Because my Dad was exhibits chairman of the show and set up day was - and continues to be- rather busy for him, I had “Aunt” Mary and “Uncle” Jim to help me set up my case. They were marvelous at it too, not by telling me what to do, but rather by asking the right questions and making strategic comments: “Where would it look better?”, “Minerals look better in rainbows than rows”, and “You might want to check the spelling on Fluorite”. By the end of the day I had filled out the 22 slots in my judging sheet running left to right with properly spelled mineral names (see the above comment); put the minerals in their spots; eradicated errant pieces of dirt, lint and fuzz; cleaned the glass front of the case until it shone; and took a photo with my helpers, complete with my missing teeth. That Friday at my parents mineral show party, I began the tradition of bothering Les Presmyk about whether he knew who had won. That year I did.
I would go on to compete for another 11 years. Those who came to the Saturday night auction and awards ceremony watched me grow up from accepting my award with my hands in my mouth (hey, I was seven), falling on my face as I tripped on the edge of the stage (hey, I was nine), to wearing a dress and heels that magically changed into Converse tennies (hey, I was seventeen). I spent six years competing in Juniors and Junior masters, taking the input from the judges to help me build a better collection. Finally Les Presmyk (who presented at the 2014 Dallas Mineral Collecting Symposium) bumped me up to the adult divisions where I would go on to compete, and win, in Novice, Intermediate and Masters. Competing gave me a good way to track the progression of my collection: I had a numerical way to tell how much I had grown in a year as well as feedback on the specimens that I had acquired. It also helped me gauge when I had outgrown a piece and that it had reached the end of its time on “the team”.
While those trophies were great, the true prize was the exposure of my collection to the mineral community that made competing amazing. Let me clarify, it was having adults engage me about my collection. Collectors, mineral dealers and curators tell me “I saw your collection on display. I really liked your ___”. It made me feel like a part of the community, not just as the daughter of Peter Megaw, but as a collector in my own right. It was this feeling of inclusion in the community that helped solidify my love for collecting. I learned through competition that collecting isn’t just about the minerals, but also about the people that are associated with those minerals.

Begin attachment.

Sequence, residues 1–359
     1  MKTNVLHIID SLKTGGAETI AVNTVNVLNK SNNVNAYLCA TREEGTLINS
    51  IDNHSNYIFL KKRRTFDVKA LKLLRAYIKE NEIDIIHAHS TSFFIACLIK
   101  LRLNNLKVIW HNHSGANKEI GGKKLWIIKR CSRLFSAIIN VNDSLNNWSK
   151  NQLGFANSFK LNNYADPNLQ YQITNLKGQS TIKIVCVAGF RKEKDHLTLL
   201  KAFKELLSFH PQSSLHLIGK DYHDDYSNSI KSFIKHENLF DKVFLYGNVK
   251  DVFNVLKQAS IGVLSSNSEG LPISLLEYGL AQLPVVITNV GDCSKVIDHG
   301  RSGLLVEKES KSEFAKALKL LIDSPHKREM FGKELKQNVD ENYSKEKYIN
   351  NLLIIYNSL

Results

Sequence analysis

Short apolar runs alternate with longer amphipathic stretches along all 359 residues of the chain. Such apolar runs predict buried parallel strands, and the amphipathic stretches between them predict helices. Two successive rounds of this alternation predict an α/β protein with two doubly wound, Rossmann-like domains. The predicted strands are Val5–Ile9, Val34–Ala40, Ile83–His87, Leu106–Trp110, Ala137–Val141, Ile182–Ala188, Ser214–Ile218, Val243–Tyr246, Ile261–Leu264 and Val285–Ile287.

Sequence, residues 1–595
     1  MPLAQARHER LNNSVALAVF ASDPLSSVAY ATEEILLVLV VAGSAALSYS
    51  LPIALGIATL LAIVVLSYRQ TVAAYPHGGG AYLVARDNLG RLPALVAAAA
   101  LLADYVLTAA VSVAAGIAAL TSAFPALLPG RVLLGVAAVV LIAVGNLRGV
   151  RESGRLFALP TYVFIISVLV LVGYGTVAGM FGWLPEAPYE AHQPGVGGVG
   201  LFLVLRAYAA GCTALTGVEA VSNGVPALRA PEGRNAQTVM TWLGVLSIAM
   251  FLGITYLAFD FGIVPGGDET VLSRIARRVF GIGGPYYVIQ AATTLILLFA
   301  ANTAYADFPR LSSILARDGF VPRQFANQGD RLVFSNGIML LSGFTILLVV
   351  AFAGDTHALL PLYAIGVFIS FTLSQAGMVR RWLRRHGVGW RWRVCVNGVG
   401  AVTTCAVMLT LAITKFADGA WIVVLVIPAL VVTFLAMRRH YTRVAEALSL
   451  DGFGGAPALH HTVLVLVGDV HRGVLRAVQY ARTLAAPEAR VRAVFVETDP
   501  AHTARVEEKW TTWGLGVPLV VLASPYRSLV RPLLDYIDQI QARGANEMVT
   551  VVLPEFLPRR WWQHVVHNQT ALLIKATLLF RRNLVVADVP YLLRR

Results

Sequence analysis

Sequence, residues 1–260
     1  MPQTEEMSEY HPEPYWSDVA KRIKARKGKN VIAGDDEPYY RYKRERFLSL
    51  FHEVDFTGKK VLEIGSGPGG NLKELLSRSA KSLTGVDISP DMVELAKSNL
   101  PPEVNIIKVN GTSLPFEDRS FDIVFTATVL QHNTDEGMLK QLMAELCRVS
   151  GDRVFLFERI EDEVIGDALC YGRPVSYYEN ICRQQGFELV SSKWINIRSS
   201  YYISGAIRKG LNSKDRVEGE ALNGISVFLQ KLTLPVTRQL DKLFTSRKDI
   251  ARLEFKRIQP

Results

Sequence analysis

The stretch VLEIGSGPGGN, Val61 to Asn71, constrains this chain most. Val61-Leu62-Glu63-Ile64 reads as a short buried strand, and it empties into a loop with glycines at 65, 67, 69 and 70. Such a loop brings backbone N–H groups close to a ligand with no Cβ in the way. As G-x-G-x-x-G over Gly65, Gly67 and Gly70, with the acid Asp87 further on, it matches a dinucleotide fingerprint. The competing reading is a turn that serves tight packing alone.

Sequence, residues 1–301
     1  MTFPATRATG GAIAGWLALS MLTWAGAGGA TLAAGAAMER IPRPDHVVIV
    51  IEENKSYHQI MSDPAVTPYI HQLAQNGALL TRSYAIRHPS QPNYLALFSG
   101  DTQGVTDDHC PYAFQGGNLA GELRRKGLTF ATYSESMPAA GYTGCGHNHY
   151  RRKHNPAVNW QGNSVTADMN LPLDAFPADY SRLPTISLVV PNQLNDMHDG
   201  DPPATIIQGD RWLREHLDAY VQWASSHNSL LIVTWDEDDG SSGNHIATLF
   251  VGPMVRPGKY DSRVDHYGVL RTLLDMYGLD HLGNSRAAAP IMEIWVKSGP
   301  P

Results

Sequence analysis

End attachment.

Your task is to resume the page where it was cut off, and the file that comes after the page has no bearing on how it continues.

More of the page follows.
Without competing I probably would not be pursuing a degree in Geological Sciences at Stanford. Seriously, I wouldn’t have been able to forge the relationships and opportunities that helped me get here. For instance, I wouldn’t have been involved with Blue Cap Production’s initial “The New Crystal Hunters” in Pala. During which I discovered that not only am I passionate about minerals, but fascinated by the mining operations that get them out of the ground as well. My fellow kid collector and best friend even joined me for the “Smoky Hawk” edition in Colorado digging for amazonite and we had so much fun! Hopefully some kids were inspired by the movies, it would make the embarrassment of hours of captured gawkiness worth it (hey, I was 14!). Collecting shaped much of my childhood, so its not surprising that my college admissions essay was about collecting at the Rogerly Mine in Weardale. At the University of Arizona I conducted an independent study in optical mineralogy, and even did the optical measurements for the new mineral yangite under the watchful eye of Stan Evans and Bob Downs (Dallas Mineral Collecting Symposium speaker in 2013). The summer before my junior year in high school, I even interned at the Harvard Mineral Museum working with the amazing Carl Francis. My work with the Elwood P. Hancock collection culminated in my putting together an exhibit, of some of the better pieces from the collection, at the TGMS the following year. These opportunities would not have existed without competing, and now with the distance of a couple of years, I can see the extent of impact these opportunities had on me and how they’ve led me to pursuing a education and career related to the minerals I love.